Exercise 2.2: (Matrix representations: example) Suppose $V$ is a vector space with basis vectors $\qr0$ and $\qr1$, and $A$ is a linear operator from $V$ to $V$ such that $A\qr{0}$ = $\qr1$ and $A\qr1 = \qr0$. Give a matrix representation for $A$, with respect to the input basis $\qr0,\qr1$, and the output basis $\qr0,\qr1$. Find input and output bases which give rise to a different matrix representation of $A$.

I had never heard of the terms "input basis" and "output basis". Nevertheless, the first part of the exercise is easy enough and I can see that a matrix representing the linear transform is just an $2x2$ identity matrix with the rows swapped. But how can I find input and output bases which give rise to a different matrix representation of $A$? Can you show me with a concrete example?


A matrix is a linear map between two vector spaces. Given a linear map, $\phi:\mathbb R^n\to\mathbb R^m$, there are multiple ways to represent it as an $n\times m$ matrix depending on what basis you use. You can read more about this here, if you want to confirm that you understand this. When it says “unit basis” and “output basis” its talking about the basis for the vector space that the (input/output) is coming from.

You’re correct that the answer with respect to the given basis is the transpose of the identity matrix. Suppose now you were working with $|0\rangle$ and $|\frac{1}{2}\rangle$ for both the input and the output bases instead. Do you see how the matrix would change? Hint: what’s the relationships between the old bases and the new bases.


Let’s say you have a linear transformation, $T$. We can write it as a matrix, $A=[T]_\beta^\gamma$ where $\beta$ is the input basis and $\gamma$ is the output basis. To find $A$, we use the following formula:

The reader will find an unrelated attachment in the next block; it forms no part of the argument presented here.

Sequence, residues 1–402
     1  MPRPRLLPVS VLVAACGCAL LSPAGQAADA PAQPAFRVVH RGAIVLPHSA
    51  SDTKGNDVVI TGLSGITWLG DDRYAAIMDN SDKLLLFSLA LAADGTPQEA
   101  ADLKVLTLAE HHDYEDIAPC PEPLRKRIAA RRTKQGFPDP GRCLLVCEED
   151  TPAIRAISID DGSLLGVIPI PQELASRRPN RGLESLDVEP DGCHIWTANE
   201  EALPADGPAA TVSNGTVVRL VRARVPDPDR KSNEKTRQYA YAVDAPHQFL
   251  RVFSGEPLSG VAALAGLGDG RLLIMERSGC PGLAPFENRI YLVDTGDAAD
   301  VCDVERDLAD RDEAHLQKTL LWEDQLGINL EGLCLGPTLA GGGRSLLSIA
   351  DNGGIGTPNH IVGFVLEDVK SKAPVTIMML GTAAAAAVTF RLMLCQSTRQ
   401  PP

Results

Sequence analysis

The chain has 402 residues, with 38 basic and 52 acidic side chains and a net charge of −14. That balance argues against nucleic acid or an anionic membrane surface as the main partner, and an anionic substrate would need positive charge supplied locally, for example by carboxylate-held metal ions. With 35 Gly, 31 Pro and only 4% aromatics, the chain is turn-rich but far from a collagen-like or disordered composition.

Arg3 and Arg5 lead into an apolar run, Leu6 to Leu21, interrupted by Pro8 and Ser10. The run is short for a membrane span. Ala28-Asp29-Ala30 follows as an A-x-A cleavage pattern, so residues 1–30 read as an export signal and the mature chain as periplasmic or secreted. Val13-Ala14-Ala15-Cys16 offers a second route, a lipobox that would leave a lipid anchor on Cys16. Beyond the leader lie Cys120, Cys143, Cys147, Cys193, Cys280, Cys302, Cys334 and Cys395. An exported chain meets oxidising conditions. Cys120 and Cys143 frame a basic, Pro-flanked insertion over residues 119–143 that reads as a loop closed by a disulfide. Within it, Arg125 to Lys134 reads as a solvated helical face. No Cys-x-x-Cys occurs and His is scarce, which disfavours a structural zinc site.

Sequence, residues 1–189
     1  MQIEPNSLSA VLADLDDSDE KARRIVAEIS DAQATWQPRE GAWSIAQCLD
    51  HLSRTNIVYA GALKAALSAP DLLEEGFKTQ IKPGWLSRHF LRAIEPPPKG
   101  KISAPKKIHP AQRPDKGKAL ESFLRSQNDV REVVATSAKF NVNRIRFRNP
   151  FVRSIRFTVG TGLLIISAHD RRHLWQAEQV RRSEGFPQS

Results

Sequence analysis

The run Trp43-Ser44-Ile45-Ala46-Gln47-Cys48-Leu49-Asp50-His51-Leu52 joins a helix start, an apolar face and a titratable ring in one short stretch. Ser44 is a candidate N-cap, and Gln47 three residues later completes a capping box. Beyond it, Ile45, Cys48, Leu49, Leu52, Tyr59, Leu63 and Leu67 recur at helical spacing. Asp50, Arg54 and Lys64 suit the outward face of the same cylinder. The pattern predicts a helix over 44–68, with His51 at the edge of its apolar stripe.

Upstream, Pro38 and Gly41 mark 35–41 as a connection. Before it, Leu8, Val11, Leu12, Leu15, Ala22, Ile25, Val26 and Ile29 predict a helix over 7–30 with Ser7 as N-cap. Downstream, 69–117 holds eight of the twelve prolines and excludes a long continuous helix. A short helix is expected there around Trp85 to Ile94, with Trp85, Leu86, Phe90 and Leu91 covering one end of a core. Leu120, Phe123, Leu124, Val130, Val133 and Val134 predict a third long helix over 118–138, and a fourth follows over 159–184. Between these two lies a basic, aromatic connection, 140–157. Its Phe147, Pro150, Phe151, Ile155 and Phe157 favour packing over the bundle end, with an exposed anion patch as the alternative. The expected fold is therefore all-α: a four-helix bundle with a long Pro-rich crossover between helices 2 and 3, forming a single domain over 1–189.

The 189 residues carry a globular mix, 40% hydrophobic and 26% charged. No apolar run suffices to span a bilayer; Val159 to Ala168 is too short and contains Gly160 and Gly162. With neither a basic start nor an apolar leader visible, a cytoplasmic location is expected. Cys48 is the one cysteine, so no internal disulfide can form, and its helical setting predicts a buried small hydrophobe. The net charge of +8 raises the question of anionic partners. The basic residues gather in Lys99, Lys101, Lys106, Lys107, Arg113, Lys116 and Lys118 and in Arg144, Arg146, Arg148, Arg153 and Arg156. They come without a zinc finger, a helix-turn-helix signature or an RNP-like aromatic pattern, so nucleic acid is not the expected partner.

Here $[T(v_i)]_\gamma$ is the matrix representation in the basis $\gamma$ of the vector that is the linear transformation $T$ applied to the $i^{th}$ basis vector of $\beta$. Therefore $[T(v_i)]_\gamma=\varphi_\gamma(T(v_i))$ where $\varphi_\gamma$ is the transformation that is a change of basis into basis $\gamma$.

So let’s do an example. Say that we want to keep the input basis the same but change the output basis to $\gamma=\{(0,1),(2,0)\}$. Your problem doesn’t name the linear operator (only the matrix) so let’s say that the operator is called $T$ and it’s representation in the standard basis is $A$. We wish to find $A’$, the representation in our new basis. From our formula, we know that the columns of $A’$ are $[T(0,1)]_\gamma$ and $[T(1,0)]_\gamma$. We know that $T$ switches the order, so the columns are $w_1=(1,0)$ and $w_2=(0,1)$. But those vectors are written with respect to the standard basis, not with respect to $\gamma$! Luckily we can easily write them with respect to gamma by seeing that $(0,1)=0\cdot w_1+1\cdot w_2$ and $(2,0)=2\cdot w_1+0\cdot w_2$. Therefore with respect to basis $\gamma$ we have that the columns are $(0,1)$ and $(2,0)$, so our matrix is


  • $\begingroup$ I believe you meant to write $|0\rangle$ and $|\frac{1}{2}\rangle$ as my new basis? Gonna work on this and get back to you. (I can be very slow at math!) $\endgroup$ – R. Chopin Jan 15 '18 at 13:10
  • $\begingroup$ @R.Chopin Indeed I did! Lemme know if you want a hint. $\endgroup$ – Stella Biderman Jan 15 '18 at 13:43
  • $\begingroup$ $\newcommand{\qr}[1]{|#1\rangle}$Hi, @Stella. My question is now this. If $\qr0$ and $\qr{\frac{1}{2}}$ are now my basis, what am I to expect from the transformation $A$? It maps $\qr0$ to $\qr1$ and $\qr1$ to $\qr0$. I don't know to what A maps $\qr{\frac{1}{2}}$. If I did know, then I get a matrix in the same way I got the first matrix. More than a hint, I'd like a little linear algebra culture. :-) I don't seem to be on the same page as you and the exercise. $\endgroup$ – R. Chopin Jan 15 '18 at 17:26
  • $\begingroup$ @R.Chopin The function is linear, so $\frac{1}{2}\phi(x)=\phi(\frac{1}{2}x)$ $\endgroup$ – Stella Biderman Jan 15 '18 at 17:48
  • $\begingroup$ $\newcommand{\qr}[1]{|#1\rangle}$ @Stella, what is meant by $\qr{\frac{1}{2}}$? I know $\qr0$ is the column vector $(1, 0)$ and that $\qr1$ is the column vector $(0, 1)$. So I think $\qr{\frac{1}{2}}$ must equal $(0, \frac{1}{2})$ because maybe $\qr{\frac{1}{2}} = \frac{1}{2}\qr{1} = (0, \frac{1}{2}).$ Does that make sense? $\endgroup$ – R. Chopin Jan 17 '18 at 9:56

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